Shortly after the implementation of comprehensive chromosome screening (CCS) techniques for preimplantation genetic testing for aneuploidies (PGT-A), the discussion about the transition from day 3 to blastocyst stage biopsy was initiated. Trophectoderm biopsy with CCS is meant to overcome the limitations of cleavage-stage biopsy and single-cell analysis. The aim of this study was to assess the results obtained in our PGT-A programme after the implementation of this new strategy. Comparisons between the results obtained in 179 PGT-A cycles with day 3 biopsy (D+3) and fresh embryo transfer, and 204 cycles with trophectoderm biopsy and deferred (frozen–thawed) embryo transfer were established. Fewer embryos were biopsied and a higher euploidy rate was observed in the trophectoderm biopsy group. No differences in implantation (50.3% vs. 61.4%) and clinical pregnancy rate per transfer (56.1% vs. 65.3%) were found. Although the mean number of euploid embryos per cycle did not differ between groups (1.5 ± 1.7 vs. 1.7 ± 1.8), the final number of euploid blastocysts available for transfer per cycle was significantly higher in the trophectoderm biopsy group (1.1 ± 1.3 vs. 1.7 ± 1.8). This factor led to an increased cumulative live birth rate in this last group (34.1% vs. 44.6%). Although both strategies can offer good results, trophectoderm biopsy offers a more robust diagnosis and the intervention is less harmful for the embryos so more euploid blastocysts are finally available for transfer and/or vitrification.
It is known that tungsten oxide may be reacted with selenium sources to form WSe2 but literature reports include processing steps that involve high temperatures, reducing atmospheres, and/or oxidative pre-treatments of tungsten oxide. In this work, we report a non-vacuum process for the fabrication of compositionally high quality WSe2 thin films via the selenization of tungsten oxide under milder conditions. Tungsten source materials were various hydrated WO3 and WO2.9 compounds that were prepared using chemical solution techniques. Resulting films were selenized using a two-stage heating profile (250 °C for 15 minutes and 550 °C for 30 minutes) under a static argon atmosphere. Effects of the starting tungsten oxide phase on WSe2 formation after single and double selenization cycles were investigated using Raman spectroscopy and X-ray diffraction (XRD). After two selenization cycles, hydrated WO3 was converted to (002)-oriented WSe2 that exhibits well-resolved peaks for E12g and A1g phonon modes. Only a single selenization cycle was required to convert amorphous WO2.9 to WSe2. All selenizations in this work were achieved in non-reducing atmospheres and at lower temperatures and shorter times than any non-laser-assisted processes reported for WO3-to-WSe2 conversions.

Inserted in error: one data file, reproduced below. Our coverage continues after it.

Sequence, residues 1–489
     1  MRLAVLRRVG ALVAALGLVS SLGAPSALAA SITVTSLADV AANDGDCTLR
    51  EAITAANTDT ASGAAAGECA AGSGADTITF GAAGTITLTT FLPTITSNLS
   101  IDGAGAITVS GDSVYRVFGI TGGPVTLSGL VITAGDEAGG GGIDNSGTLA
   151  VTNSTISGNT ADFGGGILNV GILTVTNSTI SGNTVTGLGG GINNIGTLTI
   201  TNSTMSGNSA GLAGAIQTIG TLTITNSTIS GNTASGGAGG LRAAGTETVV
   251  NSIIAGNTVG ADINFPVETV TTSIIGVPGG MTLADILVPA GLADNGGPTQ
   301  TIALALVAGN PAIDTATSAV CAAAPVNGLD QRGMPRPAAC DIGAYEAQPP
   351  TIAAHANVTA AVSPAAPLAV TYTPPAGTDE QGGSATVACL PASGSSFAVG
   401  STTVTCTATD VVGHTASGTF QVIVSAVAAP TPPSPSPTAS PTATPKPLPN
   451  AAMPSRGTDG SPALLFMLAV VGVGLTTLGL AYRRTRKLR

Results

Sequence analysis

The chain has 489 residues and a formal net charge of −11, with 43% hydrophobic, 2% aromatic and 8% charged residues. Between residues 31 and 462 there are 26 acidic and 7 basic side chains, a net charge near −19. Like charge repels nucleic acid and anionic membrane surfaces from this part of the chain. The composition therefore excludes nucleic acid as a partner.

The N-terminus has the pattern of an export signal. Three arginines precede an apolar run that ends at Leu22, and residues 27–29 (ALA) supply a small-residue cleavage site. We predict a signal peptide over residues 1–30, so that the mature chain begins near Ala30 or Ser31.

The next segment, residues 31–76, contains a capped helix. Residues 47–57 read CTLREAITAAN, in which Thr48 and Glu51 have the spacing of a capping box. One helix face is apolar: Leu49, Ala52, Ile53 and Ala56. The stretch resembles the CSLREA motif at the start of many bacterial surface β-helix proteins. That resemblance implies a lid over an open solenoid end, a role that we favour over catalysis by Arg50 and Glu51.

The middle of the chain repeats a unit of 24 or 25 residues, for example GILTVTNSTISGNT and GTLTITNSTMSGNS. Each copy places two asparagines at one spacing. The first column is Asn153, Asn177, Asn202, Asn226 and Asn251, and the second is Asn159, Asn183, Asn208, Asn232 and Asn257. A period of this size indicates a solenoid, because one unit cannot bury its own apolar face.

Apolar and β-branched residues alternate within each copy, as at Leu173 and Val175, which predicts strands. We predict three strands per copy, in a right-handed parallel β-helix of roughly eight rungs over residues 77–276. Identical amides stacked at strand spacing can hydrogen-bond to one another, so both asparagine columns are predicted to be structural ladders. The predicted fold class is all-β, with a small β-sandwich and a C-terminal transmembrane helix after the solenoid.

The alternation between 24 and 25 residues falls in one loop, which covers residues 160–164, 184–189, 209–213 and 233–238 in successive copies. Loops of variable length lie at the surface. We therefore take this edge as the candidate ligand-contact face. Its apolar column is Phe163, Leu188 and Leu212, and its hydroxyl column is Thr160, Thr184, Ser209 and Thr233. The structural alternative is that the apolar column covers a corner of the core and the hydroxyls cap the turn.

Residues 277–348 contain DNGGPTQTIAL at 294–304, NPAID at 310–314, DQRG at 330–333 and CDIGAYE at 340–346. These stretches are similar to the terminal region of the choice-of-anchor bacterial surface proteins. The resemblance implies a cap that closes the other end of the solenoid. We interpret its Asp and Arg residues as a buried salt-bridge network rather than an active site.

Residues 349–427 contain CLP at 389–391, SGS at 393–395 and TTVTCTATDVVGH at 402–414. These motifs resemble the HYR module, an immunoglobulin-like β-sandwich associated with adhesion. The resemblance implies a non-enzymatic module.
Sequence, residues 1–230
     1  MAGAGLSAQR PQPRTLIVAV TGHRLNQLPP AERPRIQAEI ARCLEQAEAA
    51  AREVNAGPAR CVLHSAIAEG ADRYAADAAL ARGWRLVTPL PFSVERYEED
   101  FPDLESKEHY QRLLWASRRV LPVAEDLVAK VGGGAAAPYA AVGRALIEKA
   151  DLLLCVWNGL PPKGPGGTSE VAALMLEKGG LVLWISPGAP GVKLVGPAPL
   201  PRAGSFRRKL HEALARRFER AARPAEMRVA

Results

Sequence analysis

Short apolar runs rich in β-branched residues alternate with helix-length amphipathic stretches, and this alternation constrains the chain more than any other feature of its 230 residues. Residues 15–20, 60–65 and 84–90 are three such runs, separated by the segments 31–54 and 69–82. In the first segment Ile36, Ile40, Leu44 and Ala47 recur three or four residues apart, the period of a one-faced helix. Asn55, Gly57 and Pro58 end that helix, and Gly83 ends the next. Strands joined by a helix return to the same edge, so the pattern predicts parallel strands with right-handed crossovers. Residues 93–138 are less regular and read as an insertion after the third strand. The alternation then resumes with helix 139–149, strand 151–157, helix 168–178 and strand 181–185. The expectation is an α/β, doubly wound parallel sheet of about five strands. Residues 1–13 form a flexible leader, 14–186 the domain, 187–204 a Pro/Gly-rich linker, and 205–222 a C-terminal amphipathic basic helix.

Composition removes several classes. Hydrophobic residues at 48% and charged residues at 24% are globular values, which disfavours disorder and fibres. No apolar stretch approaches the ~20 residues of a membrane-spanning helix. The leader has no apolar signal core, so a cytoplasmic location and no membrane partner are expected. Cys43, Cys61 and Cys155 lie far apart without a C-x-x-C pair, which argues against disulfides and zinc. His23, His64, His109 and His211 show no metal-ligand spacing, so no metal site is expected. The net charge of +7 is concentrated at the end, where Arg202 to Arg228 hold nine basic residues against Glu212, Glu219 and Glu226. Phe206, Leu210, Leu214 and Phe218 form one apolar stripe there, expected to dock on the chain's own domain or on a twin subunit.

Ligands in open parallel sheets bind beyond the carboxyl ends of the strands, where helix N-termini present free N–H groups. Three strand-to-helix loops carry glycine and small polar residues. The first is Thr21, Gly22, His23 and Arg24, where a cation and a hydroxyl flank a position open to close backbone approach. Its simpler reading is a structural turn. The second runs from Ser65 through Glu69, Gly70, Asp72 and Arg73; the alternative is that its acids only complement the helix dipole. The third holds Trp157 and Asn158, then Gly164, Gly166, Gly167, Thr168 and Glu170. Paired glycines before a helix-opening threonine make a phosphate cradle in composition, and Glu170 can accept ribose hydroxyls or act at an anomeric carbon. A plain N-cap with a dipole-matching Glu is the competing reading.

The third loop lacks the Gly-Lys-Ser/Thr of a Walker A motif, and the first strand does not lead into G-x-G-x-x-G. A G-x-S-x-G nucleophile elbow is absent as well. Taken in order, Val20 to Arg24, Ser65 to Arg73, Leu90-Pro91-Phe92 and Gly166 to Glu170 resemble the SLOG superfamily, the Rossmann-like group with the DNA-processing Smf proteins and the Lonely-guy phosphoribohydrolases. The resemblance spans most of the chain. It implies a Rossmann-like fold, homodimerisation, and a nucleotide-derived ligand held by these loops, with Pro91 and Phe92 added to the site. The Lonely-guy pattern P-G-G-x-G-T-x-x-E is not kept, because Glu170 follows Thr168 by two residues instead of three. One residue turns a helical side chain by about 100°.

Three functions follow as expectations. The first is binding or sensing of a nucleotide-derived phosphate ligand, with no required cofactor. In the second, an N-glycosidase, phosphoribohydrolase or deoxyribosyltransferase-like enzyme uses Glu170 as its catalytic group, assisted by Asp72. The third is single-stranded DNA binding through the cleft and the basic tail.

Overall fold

This Article explores Ernst-Wolfgang Böckenförde's views about constitutional judging in a democracy. It offers three ideal types of constitutional judging, each drawn from the extra-judicial writings of prominent constitutional judges who represent it. The three types are: (1) the prophet, who views the constitution as visionary and value-laden, and who entertains an expansive view of the judge's role in giving voice and validity to that vision and those values; (2) the essayist, who shares the prophet's sense of the vast scope and myriad resources of constitutional judging, but who, lacking the prophet's confidence in getting such bewilderingly difficult questions right, approaches constitutional judging cautiously, skeptically, and deferentially; and (3) the executor, who views constitutional judging as the effort to discern the constitution's concrete, limited content, and to enforce that content unflinchingly. Böckenförde, the Article argues, was an executor—one who shared many interpretive commitments with the two most prominent executors in the American constitutional tradition: Hugo Black and, especially, the late Antonin Scalia.
Current understanding of climate change impacts, adaptation and vulnerability among Inuit in the Arctic is relatively static, rooted in the community and time that case studies were conducted. This paper captures the dynamism of Inuit–climate relationships by applying a longitudinal approach to assessing vulnerability to climate change among Inuit in Ulukhaktok, Northwest Territories, Canada. Data were collected in 2005 and 2016 following a consistent methodology and analytical framework. Findings from the studies are analysed comparatively together with longitudinal datasets. The data reveal that many of the climatic changes recorded in 2005 that adversely affected hunting activities have been observed to be persisting or progressing, such as decreasing sea ice thickness and extent, and stronger and more consistent summer winds. Inuit are responding by altering travel routes and equipment, taking greater pre-trip precautions, and concentrating their efforts on more efficient and accessible hunts. Increasing living and subsistence costs and time-constraints, changes in the generation and transmission of environmental knowledge and land skills, and the concentration of country food sharing networks were identified as key constraints to adaptation. The findings indicate that the connections between subsistence activities and the wage economy are central to understanding how Inuit experience and respond to climate change.